Based on the fragility of the legal status of the Sahrawis living in the Tindouf camps, due to the refusal of the Algerian authorities to allow the census and registration of the Sahrawis living in the camps and to determine the reasons and motives for their movement to Algerian territory, whether the matter is related to mass displacement, personal desire, repression, or other reasons requiring asylum, as well as knowing their humanitarian needs to be included in appeals for the humanitarian response to refugees, as well as in the programs of the High Commissioner, the World Food Program and other international donors.
The work of human rights defenders is almost impossible given the blurring of the scene and the difficulty of the humanitarian, political and security context in those camps.
The Coalition would like to remind the Special Rapporteur that the management of the camps’ security, judicial, military and other activities has been delegated to a military organization called “Polisario”, since the establishment of the camps, and the country hosting the camps has become de facto irresponsible for what happens to those camps for five decades, in violation of its international obligations under international law, it is obligated to protect all persons subject to its legal and judicial jurisdiction, including Sahrawi persons residing in the Tindouf camps.
In its recommendation, the Human Rights Committee recommended to the State of Algeria that it should abolish this mandate, which is in violation of international law, and work to protect all persons subject to its jurisdiction, including Sahrawis living in camps, and then work to ensure their security and access to the state’s national remedies, in cases where they are alleged to have been subjected to violations of their rights guaranteed under the provisions of the International Covenant on Civil and Political Rights.
Given the absence of any international monitoring of the situation inside the Sahrawi camps, it is prohibited, according to a local law that serves as a constitution for the organization of the Polisario, any formation of political, civil and cultural associations until the end of the conflict over the territory, which makes it impossible to carry out civil activities of any kind, whether civil or political, that not gained approval from Polisario officials, or not affiliated with the organization's parallel branches, and any violation of these orders exposes violators to serious violations ranging from extrajudicial killing, forced disappearance, or exposure to excessive torture, sometimes leading to death.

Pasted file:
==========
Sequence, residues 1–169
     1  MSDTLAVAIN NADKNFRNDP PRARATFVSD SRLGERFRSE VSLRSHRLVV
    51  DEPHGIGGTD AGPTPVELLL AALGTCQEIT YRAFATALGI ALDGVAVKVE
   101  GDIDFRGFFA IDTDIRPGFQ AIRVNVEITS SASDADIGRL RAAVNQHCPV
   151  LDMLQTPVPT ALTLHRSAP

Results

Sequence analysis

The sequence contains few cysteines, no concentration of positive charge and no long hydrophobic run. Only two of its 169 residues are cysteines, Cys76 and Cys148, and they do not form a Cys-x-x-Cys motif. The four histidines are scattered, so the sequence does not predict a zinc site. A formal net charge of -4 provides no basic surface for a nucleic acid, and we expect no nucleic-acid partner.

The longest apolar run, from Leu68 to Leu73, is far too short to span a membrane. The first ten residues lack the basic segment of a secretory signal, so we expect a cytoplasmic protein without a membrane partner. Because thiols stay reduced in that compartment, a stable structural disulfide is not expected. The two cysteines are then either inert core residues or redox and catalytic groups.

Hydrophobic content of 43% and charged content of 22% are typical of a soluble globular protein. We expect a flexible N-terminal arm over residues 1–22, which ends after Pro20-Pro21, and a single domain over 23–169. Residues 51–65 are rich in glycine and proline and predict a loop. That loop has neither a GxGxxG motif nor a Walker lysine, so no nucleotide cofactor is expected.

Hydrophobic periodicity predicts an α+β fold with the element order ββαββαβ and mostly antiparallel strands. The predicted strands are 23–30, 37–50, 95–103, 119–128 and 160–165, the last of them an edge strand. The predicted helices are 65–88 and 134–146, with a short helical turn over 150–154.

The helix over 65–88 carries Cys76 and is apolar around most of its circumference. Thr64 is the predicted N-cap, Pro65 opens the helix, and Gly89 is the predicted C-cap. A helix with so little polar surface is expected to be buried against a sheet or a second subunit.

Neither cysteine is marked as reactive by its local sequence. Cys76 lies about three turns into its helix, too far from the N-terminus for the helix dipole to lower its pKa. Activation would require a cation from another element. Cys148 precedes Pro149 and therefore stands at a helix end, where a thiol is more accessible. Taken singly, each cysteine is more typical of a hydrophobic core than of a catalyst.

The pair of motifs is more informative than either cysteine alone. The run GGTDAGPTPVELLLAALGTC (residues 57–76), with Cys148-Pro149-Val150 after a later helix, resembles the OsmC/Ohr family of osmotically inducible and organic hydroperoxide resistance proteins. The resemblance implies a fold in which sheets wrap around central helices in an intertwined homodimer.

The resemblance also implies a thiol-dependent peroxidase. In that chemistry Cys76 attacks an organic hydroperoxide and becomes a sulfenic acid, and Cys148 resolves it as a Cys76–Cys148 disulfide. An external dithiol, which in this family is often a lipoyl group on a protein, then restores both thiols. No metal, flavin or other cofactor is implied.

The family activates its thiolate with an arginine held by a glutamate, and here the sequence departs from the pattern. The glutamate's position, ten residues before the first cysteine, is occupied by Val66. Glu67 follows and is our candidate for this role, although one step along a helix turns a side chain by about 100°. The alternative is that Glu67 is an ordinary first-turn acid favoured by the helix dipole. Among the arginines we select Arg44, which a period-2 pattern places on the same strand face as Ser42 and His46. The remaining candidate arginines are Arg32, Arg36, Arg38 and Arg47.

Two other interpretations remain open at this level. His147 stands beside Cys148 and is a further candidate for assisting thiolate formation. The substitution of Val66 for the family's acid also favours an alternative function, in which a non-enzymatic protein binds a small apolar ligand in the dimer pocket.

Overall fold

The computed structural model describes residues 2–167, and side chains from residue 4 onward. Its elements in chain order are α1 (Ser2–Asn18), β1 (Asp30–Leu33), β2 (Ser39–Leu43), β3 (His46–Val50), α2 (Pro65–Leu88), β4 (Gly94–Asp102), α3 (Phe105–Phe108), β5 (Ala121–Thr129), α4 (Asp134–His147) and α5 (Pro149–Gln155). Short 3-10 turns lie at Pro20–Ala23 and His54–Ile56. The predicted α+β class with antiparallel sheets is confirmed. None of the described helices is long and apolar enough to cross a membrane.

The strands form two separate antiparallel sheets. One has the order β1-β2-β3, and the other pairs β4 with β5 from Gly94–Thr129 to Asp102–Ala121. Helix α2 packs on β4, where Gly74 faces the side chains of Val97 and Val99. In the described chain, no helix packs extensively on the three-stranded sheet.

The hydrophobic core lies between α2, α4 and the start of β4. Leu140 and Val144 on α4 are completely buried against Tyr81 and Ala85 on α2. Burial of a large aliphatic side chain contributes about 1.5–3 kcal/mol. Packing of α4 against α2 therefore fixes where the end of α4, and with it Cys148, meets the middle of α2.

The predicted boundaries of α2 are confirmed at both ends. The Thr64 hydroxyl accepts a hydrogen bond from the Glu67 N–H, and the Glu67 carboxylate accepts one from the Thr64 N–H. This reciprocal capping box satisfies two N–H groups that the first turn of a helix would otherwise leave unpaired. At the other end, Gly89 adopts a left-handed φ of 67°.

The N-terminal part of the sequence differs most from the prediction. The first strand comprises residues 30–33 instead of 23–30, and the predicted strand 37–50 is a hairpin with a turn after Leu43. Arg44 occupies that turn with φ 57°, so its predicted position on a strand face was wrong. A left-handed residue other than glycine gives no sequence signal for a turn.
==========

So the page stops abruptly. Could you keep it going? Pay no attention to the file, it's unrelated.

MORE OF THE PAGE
The coalition of non-governmental organizations works to monitor, protect, and promote human rights in the Sahrawi camps in the Tindouf region in southwestern Algeria, based on the belief of the components of the coalition that there is an urgent need to intensify work in this region to provide reliable and honest information on the state of rights and freedoms, and the spread of many unfounded allegations, which, in many cases, contributes to confusing all those involved in the field of human rights, regionally and internationally.
In connection with the visit of the Special Rapporteur on human rights defenders to the State of Algeria, to evaluate the progress achieved in the legislative and policy field as well as best practices that would improve the working conditions of human rights defenders, in addition to identifying the challenges and problems that human rights defenders face while performing their work.